How Can I Correct Chatter?
Look at your application as a whole when you investigate a chatter issue. Generally, there are three aspects of the application that you can control to stop chatter:
- The Program: Feeds, Speeds, depth- and width-of-cut and Toolpaths
- Tooling: Tool Geometry, Material, Size, Number of Flutes
- Workholding: Connection to the Table, Connection to the Part
Ideally, you would have optimal solutions for all of these aspects, but in the real world, you may have to make compromises—for example, maybe you have a deep pocket to machine and so a tool is longer than ideal, or your workholding cannot grip a thin-walled part as firmly as the application demands. In these cases, to prevent chatter, you need to change the parts of the application that you do have control over: For example: to compromise for the long tool, maybe you would back off your depth-and width-of cut; for the light-grip workholding, you might choose tooling with geometry that reduces cutting forces.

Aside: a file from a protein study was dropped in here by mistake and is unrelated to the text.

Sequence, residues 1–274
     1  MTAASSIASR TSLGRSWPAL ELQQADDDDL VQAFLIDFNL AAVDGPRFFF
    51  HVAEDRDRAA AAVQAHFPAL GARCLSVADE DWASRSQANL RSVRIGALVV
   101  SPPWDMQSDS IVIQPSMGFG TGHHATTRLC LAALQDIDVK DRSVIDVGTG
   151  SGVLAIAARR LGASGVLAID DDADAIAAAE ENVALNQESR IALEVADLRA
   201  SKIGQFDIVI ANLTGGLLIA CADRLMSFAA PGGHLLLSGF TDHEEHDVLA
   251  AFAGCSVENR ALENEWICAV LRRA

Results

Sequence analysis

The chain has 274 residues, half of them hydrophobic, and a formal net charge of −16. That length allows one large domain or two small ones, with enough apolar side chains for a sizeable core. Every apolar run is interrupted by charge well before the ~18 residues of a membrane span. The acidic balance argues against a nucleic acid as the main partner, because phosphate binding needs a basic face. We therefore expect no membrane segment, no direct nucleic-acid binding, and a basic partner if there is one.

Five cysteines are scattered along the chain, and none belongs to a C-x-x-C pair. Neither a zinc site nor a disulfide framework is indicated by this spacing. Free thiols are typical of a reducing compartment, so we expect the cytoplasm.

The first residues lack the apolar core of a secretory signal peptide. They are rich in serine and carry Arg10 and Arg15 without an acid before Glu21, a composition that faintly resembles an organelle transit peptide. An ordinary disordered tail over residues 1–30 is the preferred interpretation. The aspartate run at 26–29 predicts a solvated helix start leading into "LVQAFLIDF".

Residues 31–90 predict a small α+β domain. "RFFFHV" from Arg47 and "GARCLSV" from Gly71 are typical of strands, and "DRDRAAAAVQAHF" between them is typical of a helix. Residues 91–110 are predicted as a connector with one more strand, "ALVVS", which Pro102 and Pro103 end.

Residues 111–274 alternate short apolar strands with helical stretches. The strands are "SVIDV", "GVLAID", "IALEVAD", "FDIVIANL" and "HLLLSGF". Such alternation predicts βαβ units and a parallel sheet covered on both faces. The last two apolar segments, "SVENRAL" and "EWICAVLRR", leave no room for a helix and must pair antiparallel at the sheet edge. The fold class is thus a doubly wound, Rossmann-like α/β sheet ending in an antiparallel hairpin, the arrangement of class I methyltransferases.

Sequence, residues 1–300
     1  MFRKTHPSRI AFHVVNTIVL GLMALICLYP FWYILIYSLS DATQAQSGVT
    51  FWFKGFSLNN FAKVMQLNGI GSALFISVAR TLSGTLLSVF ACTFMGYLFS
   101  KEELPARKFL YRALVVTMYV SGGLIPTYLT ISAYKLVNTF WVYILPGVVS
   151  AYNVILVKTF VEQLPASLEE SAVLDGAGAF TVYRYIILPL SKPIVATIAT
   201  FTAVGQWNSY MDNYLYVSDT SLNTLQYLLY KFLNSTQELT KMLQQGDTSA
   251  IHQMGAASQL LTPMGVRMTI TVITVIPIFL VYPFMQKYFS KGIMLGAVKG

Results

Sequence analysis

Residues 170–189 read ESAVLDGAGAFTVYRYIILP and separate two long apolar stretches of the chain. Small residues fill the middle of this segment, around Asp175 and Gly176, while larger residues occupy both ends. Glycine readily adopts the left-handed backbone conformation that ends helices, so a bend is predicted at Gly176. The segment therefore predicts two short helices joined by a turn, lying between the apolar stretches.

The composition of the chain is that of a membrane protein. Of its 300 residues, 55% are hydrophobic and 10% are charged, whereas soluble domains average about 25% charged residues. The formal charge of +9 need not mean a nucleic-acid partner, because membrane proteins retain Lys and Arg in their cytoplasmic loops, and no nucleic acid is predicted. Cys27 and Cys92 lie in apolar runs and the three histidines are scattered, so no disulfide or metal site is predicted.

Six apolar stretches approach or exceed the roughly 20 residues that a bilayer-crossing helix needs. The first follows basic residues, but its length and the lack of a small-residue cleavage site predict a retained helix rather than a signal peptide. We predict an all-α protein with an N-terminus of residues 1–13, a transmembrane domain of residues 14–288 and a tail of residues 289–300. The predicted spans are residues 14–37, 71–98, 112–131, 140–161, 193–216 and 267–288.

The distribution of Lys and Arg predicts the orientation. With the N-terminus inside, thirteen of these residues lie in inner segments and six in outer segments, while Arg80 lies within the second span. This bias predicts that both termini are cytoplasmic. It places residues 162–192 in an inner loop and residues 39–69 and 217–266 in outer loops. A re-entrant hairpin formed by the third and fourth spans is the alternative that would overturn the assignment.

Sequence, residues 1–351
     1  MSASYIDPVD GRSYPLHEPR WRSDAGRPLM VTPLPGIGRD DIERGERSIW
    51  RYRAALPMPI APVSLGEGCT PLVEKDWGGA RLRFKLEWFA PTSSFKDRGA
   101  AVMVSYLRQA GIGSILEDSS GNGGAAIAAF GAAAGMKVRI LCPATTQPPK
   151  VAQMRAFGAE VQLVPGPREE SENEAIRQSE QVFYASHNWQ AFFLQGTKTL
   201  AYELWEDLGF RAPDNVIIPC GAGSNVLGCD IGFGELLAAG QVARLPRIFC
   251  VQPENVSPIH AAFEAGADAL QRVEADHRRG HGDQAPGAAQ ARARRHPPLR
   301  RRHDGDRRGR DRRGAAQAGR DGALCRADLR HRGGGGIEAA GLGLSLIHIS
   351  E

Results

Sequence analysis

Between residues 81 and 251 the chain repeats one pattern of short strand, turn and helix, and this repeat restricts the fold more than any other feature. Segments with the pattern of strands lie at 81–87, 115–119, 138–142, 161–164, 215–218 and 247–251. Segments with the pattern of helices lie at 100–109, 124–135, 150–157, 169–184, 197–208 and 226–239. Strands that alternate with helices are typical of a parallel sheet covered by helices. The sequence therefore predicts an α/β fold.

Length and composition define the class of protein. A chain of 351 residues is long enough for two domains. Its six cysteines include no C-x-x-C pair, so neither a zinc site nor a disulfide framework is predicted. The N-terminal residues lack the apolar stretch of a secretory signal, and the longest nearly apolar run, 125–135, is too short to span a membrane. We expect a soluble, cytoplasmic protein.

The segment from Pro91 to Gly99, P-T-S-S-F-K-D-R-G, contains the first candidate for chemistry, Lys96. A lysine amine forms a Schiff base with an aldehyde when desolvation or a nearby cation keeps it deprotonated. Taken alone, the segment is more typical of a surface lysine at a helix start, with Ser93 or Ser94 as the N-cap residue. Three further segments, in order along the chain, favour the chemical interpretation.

Why is it Important to Correct Chatter?
Aside from the noise and bad surface finish, chatter causes accuracy issues. It can also shorten the service life of your tooling, your workholding, and the machine tool itself.